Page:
Breaking the bread, sharing the wine : religion as culture and community in the civic life of Filipino-Americans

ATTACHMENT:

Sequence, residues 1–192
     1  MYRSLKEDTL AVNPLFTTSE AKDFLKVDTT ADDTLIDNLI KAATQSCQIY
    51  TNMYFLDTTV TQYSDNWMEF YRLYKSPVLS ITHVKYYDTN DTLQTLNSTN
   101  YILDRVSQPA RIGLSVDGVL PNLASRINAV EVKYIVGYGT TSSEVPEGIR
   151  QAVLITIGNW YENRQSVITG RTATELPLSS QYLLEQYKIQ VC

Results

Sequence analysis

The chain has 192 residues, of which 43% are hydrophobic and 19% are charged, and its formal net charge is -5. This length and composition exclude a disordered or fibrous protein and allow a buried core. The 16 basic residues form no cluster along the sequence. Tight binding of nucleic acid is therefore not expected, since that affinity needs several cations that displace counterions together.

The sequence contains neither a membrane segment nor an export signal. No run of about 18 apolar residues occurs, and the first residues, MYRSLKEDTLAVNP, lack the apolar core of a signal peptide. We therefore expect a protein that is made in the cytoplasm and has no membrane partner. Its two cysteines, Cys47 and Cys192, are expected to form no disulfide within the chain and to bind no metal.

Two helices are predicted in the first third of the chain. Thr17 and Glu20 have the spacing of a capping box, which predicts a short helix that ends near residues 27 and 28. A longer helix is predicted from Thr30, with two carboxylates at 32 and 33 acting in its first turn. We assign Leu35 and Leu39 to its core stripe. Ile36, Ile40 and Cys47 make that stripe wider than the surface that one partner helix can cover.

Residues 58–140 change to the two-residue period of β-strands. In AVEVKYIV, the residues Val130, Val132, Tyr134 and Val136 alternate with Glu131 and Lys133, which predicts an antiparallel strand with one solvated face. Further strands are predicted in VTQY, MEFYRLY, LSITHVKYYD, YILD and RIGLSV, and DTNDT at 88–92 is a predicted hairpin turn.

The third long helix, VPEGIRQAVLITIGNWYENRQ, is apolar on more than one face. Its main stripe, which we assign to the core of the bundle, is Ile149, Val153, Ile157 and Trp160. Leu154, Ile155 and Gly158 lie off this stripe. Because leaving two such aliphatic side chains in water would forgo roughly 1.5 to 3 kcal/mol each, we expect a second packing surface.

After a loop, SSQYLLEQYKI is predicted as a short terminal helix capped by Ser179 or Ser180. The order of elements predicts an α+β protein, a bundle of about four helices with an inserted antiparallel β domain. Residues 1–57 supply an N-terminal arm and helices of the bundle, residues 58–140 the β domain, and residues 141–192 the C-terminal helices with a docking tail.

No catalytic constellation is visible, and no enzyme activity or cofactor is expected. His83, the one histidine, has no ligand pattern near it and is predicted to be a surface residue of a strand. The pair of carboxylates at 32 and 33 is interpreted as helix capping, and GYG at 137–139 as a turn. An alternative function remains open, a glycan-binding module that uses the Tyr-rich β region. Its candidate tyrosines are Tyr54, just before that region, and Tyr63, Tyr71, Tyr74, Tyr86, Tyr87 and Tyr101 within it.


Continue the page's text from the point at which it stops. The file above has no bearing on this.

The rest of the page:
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At nearly 2.5 million people and growing via native birth and immigration, Asian American Catholics are an important part of the demographic transformation of American Catholicism. Among the Asian groups making the greatest impact are Filipino- Americans who are the second largest Asian American population and represent the second largest source of Catholic immigration to the United States, second only to Mexico. Woefully understudied, little is known about Filipino-Americans and the ways in which Catholicism impacts their community. Drawing on ethnographic data collected in Houston, Texas as well as survey analysis of the Social Capital Community Benchmark survey, this study explores the dynamic relationship between religion and civic life among first-generation Filipino-Americans. Contrary to what may be anticipated from the social scientific literature on Asian American Catholics in general, Filipino-American Catholics participate in civic life to the same degree as Protestants, if not more. Although the Filipino-American community may currently face internal concerns that can detract from civic participation, religion plays an important role in overcoming these obstacles and mobilizing active civic lives. Focusing on four sets of extensive religious resources: 1) religious institutions, specifically the Catholic Church, 2) involvement in church through active weekly attendance, 3) involvement in church through other activities not associated with regular attendance such as Bible studies, and 4) involvement in religious groups such Couples for Christ and Palitaw that are not affiliated with a church, the findings of this study point to Catholicism as a dynamic and vibrant faith that bridges the spaces between culture, home, and civil society. It also highlights the more intimate and intensive resources found in these home devotional and prayer groups that inform and shape not only how Filipino-Americans define community but build it and engage it in the United States and the Philippines simultaneously.